MSc Sustainable Energy Engineering


Construction, Transport and Logistics

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Fees and Funding

Here's the fees and funding information for each year of this course




  • Core Modules

    Applied Research and Engineering Practice 1

    Applied Research skills are key to addressing engineering challenges and providing creative solutions. The module aims to provide students with an opportunity to explore a research topic in depth, with appropriate research methods, Interpret the results in an engineering context, provide critical discussion and conclusions, and compose a research dissertation. The students will undertake this in subject areas relevant to the programme they are enrolled on. It also allows them to plan and execute their work plan and manage their time as well as exercising their engineering judgment and applying principles of engineering practice. They are encouraged to experience engineering as problem solving, considering the systematic processes that engineers use to define and resolve problems.


    Thermo-mechanical Energy Conversion

    The module provides detailed coverage on the thermodynamics, heat transfer, and fluid mechanics aspects of thermo-mechanical energy conversion systems reinforcing main concepts, formulations, design, and analyses. Waste mechanical energy is the inevitable by-product of objects in motion and exists in the form of vibrations, shocks, or strains. As the demand for energy continues to increase, it has now become ever so important to harvest large amount of heat produced by technology (servers, data centres, solar panels, power plants, oil refineries etc.) that would otherwise be wasted by converting it into usable energy. Waste heat can be easily converted efficiently to electricity or hot water for district heating or industrial thanks to cogeneration. Direct conversion of thermal and mechanical energy into electricity is the main focus in this module.


    Renewable Energy Systems

    The module provides you with advanced knowledge and understanding of power generation and control of renewable energy systems. Types and working of various fuel cells are described along with research challenges for integration with electric propulsion systems.

    Optional Modules

    Circular Economy and Sustainability

    The ill-informed use and management of construction materials continues to be a global problem and there is a requirement to rationalise the choice and use of materials towards more circular economies where materials and waste remain within the economy cycle for as long as possible. Engineers need to understand the opportunities available to minimise, recycle or recuse the construction waste to minimise the carbon footprint.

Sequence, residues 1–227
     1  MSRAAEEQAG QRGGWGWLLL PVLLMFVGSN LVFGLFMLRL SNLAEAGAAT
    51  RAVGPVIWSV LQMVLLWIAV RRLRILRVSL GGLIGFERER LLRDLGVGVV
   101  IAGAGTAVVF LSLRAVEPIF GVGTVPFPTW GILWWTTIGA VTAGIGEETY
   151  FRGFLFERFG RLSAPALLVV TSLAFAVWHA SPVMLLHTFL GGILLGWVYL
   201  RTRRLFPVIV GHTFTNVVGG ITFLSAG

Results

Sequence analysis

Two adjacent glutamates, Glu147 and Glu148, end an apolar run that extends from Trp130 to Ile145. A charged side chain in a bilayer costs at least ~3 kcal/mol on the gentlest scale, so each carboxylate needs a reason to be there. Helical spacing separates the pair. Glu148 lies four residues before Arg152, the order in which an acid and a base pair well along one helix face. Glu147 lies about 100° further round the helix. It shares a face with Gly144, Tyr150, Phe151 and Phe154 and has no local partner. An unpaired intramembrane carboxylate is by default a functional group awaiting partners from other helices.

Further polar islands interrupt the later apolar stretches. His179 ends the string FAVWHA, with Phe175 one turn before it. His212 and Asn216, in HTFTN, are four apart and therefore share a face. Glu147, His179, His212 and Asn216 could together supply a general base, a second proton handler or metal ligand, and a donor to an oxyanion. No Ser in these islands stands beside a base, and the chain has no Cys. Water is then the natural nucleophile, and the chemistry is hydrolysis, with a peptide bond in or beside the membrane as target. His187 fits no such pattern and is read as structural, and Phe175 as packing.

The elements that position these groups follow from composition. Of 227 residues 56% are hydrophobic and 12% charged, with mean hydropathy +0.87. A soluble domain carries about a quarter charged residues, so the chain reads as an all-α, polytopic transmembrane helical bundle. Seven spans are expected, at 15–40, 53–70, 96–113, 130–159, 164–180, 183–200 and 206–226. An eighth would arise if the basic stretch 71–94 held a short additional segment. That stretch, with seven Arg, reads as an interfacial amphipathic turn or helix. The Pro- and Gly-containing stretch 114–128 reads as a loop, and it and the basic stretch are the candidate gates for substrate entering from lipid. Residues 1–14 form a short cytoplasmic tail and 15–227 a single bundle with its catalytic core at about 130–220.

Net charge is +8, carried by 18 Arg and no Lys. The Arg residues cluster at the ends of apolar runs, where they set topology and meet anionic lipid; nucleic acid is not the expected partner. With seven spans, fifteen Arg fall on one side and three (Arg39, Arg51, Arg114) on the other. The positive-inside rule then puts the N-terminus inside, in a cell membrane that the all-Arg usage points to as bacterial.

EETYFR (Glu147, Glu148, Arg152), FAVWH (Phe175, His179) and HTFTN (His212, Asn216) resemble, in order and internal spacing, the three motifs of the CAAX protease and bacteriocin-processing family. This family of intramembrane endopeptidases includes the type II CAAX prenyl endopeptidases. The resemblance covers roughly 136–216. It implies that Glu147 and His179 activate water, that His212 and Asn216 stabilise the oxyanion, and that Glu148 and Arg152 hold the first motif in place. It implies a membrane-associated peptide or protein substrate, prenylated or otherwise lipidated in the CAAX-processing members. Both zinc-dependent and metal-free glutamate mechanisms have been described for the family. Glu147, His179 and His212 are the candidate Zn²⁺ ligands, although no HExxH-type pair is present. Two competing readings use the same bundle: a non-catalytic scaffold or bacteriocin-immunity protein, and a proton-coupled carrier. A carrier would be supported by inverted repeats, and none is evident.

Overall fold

This module has an emphasis on resources consumption and an understanding of circular economy thinking towards a more sustainable society. You will learn to conduct life cycle assessment, life cycle management and related environmental systems analysis approaches, and to make informed decisions about materials and construction methods using life cycle analysis.


    Environmental Impact Assessment

    This is a heavily research-informed, problem-centred, module with insights from industrialists. It explores the process of evaluating the potential effects of construction on the environment - known worldwide as Environmental Impact Assessment (EIA). The module has two principal themes. The rationale of EIA, and its legal and planning framework is first introduced. The module then introduces the potential impacts and matters than need to be taken into account as part of EIA, how these can be captured, assessed and monitored to minimize the unwelcomed environmental ramifications. Practical case studies and examples will be used here, including but not limited to deep basements, development on challenging grounds like peatlands and reclaimed lands. You are expected to gain insight into possible environmental limitations and risks, management, decision-making, and monitoring.

    The emphasis will be on EIA procedures in the UK, and how this exercise brings together different disciplines and stakeholders. On completing this module, you should be able to identify the need for EIA in construction projects, and that should EIA is needed, how the assessment can be planned and implemented, what soft and hard tools are available to conduct such an assessment, and how potential impacts of construction can be predicted, prevented, corrected and monitored. You should demonstrate your ability in underpinning your ideas with good reasoning, in a critical and professional manner.

  • Core Modules

    Industrial Placement

    The aim of this module is to enable you to undertake a placement in a relevant industrial environment to develop your technical and professional skills, within a real work environment to compliment your programme of study.




Stratford Campus

Stratford Campus, Water Lane, Stratford


The teaching team includes qualified academics, practitioners and industry experts as guest speakers. Full details of the academics will be provided in the student handbook and module guides.